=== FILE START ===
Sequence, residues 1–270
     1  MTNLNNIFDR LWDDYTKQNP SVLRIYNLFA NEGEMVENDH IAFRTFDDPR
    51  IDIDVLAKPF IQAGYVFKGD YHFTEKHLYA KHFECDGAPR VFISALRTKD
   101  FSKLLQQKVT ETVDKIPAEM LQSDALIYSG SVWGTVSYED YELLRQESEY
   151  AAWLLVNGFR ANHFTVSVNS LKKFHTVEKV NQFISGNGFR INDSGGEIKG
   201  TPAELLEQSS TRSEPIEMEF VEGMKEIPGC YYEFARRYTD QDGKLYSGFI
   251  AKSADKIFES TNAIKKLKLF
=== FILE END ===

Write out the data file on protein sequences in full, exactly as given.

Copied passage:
Sequence, residues 1–270
     1  MTNLNNIFDR LWDDYTKQNP SVLRIYNLFA NEGEMVENDH IAFRTFDDPR
    51  IDIDVLAKPF IQAGYVFKGD YHFTEKHLYA KHFECDGAPR VFISALRTKD
   101  FSKLLQQKVT ETVDKIPAEM LQSDALIYSG SVWGTVSYED YELLRQESEY
   151  AAWLLVNGFR ANHFTVSVNS LKKFHTVEKV NQFISGNGFR INDSGGEIKG
   201  TPAELLEQSS TRSEPIEMEF VEGMKEIPGC YYEFARRYTD QDGKLYSGFI
   251  AKSADKIFES TNAIKKLKLF